Updated: Aug 12, 2021
So, for the month of August, I'm highlighting indie authors. My first vict-...writer is a gent from New Mexico, Eric Lahti.
Originally, Lahti was to be a guest on my podcast, KD's Place. Scheduling conflicts got in the way, but as Winston Churchill once said, “Never let a good crisis go to waste”. I mean, okay, yeah, it wasn't a crisis, but it did give me an idea. Turn what would have been the Q&A portion of the podcast episode into a blog post. Not only that. Why not make it the first of a series?
And that's what I decided to do. So, for the month of August, I'm highlight-...wait, I said that in the very first sentence, didn't I? How bout I just get to the interview, huh?
KD: What got you into the writing industry? Rather, what inspired you to start putting pen to paper?
Eric Lahti: In 2013, I was playing through Saints Row 3 for the fourth time or something ridiculous like that and decided I needed to do something other than just consume stuff. I’d had this idea of a kind of grounded supervillain story told from the POV of one of the henchmen. After several permutations in my head, I sat down and wrote the first six pages or so, handed them to my wife, and immediately left the room while she read them. To my complete surprise, she didn’t tell me to give up, so I kept going. Eight years later, I’ve got seven books self-published, one that I’m still trying to figure out what to do with, and another coming out from Three Furies Press sometime in early-ish 2022. Those original six pages are long gone to history. In retrospect, I should have kept them around for posterity.
KD: I read Roadside Attractions. A thoroughly engaging read. It will make you question all you thought you knew of magic, Hell, and jackalopes. My dominant thought as I read was a lot of research had to go into this. So what's the "story behind the story"? How did Roadside Attractions come about?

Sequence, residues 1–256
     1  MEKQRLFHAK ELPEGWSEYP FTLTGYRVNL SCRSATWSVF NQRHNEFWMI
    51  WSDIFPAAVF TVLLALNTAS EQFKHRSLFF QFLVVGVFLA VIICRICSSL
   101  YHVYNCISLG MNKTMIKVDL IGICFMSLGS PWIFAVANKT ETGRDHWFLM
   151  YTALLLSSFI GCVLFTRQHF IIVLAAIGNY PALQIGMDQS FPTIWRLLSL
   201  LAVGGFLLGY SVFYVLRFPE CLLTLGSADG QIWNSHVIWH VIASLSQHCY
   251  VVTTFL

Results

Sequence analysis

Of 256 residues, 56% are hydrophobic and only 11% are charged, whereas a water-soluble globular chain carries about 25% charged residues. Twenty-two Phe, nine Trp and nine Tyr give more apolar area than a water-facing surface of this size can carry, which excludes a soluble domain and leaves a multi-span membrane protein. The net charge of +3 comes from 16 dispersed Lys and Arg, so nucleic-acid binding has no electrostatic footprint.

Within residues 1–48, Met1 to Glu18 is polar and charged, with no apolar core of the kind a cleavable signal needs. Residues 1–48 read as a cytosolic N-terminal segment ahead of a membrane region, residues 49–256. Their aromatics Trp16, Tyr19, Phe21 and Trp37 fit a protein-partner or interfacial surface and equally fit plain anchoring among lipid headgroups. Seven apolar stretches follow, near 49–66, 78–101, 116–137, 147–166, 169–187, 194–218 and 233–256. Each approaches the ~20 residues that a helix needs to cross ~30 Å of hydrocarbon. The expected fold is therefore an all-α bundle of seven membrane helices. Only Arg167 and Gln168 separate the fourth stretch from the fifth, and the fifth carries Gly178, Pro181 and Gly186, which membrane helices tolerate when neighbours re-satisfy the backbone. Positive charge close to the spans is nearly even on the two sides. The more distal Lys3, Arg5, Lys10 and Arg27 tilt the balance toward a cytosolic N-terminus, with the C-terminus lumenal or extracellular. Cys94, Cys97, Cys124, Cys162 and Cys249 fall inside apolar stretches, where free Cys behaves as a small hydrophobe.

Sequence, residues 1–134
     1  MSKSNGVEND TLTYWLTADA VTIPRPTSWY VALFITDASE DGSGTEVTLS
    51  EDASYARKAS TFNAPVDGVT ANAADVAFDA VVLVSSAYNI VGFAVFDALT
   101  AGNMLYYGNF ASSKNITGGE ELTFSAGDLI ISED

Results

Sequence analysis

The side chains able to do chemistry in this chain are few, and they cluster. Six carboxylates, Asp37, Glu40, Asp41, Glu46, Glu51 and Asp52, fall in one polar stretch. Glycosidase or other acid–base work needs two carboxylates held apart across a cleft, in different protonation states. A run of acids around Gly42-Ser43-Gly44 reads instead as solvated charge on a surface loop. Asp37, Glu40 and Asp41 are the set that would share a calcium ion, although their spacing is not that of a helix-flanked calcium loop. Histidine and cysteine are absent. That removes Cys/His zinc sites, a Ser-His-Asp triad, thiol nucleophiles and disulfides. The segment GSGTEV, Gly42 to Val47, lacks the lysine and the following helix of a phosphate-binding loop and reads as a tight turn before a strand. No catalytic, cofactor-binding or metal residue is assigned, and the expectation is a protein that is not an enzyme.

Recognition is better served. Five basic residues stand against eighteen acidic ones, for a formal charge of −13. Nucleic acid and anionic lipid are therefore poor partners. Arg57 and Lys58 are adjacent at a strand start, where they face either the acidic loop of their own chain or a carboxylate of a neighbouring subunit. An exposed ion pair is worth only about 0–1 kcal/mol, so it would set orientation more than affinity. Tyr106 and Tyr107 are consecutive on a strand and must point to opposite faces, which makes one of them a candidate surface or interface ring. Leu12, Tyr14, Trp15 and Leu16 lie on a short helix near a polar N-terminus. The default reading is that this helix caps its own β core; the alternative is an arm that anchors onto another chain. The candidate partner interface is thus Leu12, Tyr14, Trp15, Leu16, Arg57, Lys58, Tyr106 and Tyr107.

Eric Lahti: Roadside was born while I was listening to Iron Maiden’s "Number of the Beast" while I was driving to pick up my son from school one day. That song, and album, has always been misconstrued as some kind of 80s praise Satan thing, but like most of Maiden’s songs, the meaning is more nuanced than you’d expect. I grew up in a small town in New Mexico where they were terrified of Satanism. We were into the "Satanic Panic" long before it was cool. But even back then, while they were shrieking about heavy metal, I remember thinking, “Have you ever listened to the song?”
So, anyway, I caught that nuance and the lines about informing the law and decided there was something there. I also remember the neck beards and general dorks who claimed to be Satanists back in the day and decided they’d make a nice foil in the form of Sebastian. Since I grew up hearing about these sex and murder parties out in the hills, I ran with it. Couple that with the actual roadside attraction – The Thing – down in southern Arizona and you’ve got the perfect recipe for madness. What if The Thing was real? What if Satanists were really throwing sex and murder parties out in the hills? What if it was all real, but it was nothing like we thought it would be? So, I folded in some stuff - actual Satanism, which is nothing like what mainstream folks think it is, and used some of the traditional lore and just ran with it.
KD: My favorite character from Roadside Attractions was Lilith. Tough, to the point, no-nonsense, and one heckuva fighter. Did you have a fave character?